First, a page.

A former teammate of both McGrady and Houston, current Phoenix Suns forward Grant Hill, endured some of the same trials. When he signed his mammoth deal with Orlando back in 2000 along with McGrady (who was traded for Steve Francis four seasons later), they were supposed to return the Magic to prominence in the post-Shaquille O’Neal/Penny Hardaway era. Yet from an ankle injury suffered in during the playoffs in his final season with Detroit to nagging shin problems to a sports hernia, Hill’s Magic days were miserable, to say the least. Unlike his former teammates, however, Hill began to give his body the proper rest as not only to properly heal, but in keeping in mind that he was entering his mid-30s with a dimmed window of championship hopes and physical ability.

There have been plenty of players – contracts big and small – whose bodies failed them in some degree, but in the case of the players with mega deals, one who slips under the radar of criticism is Milwaukee Bucks guard Michael Redd. If there’s a player whose path thus far seems to follow that of Houston’s, Redd, unfortunately, fits the bill. Instead of signing to play in Cleveland – his hometown team – he signed a six year, $91 million contract in 2005 to remain with Milwaukee. Though he only missed two games in the first season of the deal, he missed 29 games in 2006-07, ten in 2007-08 and will sit out for the remainder of this season after tearing his ACL and MCL back in January.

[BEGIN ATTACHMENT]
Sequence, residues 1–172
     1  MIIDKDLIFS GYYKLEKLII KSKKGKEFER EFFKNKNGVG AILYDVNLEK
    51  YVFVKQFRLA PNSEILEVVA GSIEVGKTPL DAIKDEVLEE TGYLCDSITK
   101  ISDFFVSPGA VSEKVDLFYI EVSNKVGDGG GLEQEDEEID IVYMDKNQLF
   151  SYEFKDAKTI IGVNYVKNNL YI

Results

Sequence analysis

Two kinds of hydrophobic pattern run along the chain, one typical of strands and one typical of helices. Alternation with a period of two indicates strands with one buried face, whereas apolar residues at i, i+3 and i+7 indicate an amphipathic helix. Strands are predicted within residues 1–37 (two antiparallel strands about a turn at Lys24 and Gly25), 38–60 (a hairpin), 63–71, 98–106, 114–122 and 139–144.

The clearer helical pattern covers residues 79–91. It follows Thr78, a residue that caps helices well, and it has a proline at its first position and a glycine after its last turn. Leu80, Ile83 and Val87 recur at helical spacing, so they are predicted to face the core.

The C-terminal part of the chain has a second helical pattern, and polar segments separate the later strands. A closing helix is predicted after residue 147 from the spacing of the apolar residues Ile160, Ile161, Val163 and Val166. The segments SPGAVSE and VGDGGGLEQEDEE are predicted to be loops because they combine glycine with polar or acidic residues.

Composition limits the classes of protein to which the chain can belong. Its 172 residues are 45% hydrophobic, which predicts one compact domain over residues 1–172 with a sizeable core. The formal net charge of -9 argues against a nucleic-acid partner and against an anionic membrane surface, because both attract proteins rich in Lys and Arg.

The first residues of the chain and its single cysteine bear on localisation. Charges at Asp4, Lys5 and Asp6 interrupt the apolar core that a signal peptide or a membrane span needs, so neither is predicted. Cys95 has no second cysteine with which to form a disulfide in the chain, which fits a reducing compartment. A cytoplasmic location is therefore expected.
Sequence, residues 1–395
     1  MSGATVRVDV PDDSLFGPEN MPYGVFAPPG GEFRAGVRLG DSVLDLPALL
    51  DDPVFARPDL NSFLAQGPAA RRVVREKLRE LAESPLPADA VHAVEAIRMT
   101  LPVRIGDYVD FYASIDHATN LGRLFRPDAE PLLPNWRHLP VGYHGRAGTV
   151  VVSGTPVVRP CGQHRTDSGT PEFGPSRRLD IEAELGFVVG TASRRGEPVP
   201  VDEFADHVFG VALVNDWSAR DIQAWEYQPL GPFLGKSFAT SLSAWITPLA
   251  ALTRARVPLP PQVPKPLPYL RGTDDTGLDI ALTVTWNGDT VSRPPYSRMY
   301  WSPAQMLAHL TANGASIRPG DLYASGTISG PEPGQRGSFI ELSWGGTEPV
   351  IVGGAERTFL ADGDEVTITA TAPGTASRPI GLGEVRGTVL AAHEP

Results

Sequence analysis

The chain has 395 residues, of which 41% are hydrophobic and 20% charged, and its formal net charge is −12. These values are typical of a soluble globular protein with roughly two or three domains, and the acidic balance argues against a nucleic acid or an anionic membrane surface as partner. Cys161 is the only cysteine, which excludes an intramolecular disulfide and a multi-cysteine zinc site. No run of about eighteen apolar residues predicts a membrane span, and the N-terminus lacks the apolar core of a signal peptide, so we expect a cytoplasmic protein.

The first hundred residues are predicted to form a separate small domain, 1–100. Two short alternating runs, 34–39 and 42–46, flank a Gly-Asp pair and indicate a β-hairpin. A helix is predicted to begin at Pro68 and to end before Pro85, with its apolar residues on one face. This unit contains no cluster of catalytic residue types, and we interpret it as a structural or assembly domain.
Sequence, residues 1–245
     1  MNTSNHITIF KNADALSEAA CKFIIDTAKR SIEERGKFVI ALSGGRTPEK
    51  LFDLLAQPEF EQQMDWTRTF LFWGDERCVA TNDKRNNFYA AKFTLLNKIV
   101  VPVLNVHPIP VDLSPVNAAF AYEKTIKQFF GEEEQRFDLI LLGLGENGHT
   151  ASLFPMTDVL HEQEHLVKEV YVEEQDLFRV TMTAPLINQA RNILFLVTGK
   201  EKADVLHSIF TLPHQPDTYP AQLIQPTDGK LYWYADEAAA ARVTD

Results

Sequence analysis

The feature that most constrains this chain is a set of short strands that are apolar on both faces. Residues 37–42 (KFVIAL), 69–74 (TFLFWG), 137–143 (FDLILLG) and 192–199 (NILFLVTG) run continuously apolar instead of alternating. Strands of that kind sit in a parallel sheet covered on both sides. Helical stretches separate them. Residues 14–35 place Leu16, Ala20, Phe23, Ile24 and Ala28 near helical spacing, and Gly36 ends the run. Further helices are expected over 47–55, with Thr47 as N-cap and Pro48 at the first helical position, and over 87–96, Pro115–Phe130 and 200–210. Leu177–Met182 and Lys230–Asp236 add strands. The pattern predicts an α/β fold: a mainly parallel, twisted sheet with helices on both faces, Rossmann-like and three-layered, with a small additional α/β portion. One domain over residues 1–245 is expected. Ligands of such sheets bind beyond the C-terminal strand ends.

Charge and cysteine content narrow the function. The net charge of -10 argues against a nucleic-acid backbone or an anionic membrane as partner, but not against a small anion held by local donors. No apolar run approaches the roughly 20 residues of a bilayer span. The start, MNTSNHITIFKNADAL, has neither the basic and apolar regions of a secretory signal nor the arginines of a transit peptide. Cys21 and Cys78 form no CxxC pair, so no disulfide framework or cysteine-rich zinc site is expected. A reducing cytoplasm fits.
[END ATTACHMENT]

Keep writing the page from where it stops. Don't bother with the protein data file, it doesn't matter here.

Recently, we heard about an athlete who admitted that the pressures he faced after signing his nine-figure contract compelled him to make a bad decision. Before landing in Texas in 2001, Alex Rodriguez had the talent and ethic to solicit bids for the highest offer for his services. However, it wasn’t until he confessed to using performance enhancers that you could say that he placed a price tag on his physical being; no matter how large, historic or unheard of a ten-year, $252 million deal had been. In his case, it was all about justifying his contract to the masses by adding something to his body; something well in his control.

Can anyone attribute a dollar value to a body part; healthy, hurt or injured?


Aaron said...

It might actually be worse if Battier were to go down:

Jason Clinkscales said...

That article has certainly made the rounds. I read that last weekend and I was given a copy of it at work. An interesting and fun read, for sure. Ball Don't Lie (Yahoo! Sports' NBA blog) linked to this rebuttal. I think it might be of interest.

With that said, I mentioned Battier not to say that he wasn't as important as McGrady (in fact, even though I thought he could have been a better all-around player, he is definitely one of the five best individual defenders in the game), but to say that losing him for the season would not elict the same responses since he's far from a superstar.

Aaron said...

An interesting rebuttal, though I'd disagree with a lot of it (especially the part about it being old news - I don't think it is to the magazine's readers).

Your second point is definitely spot on, but it's part of the problem with the way the game is marketed.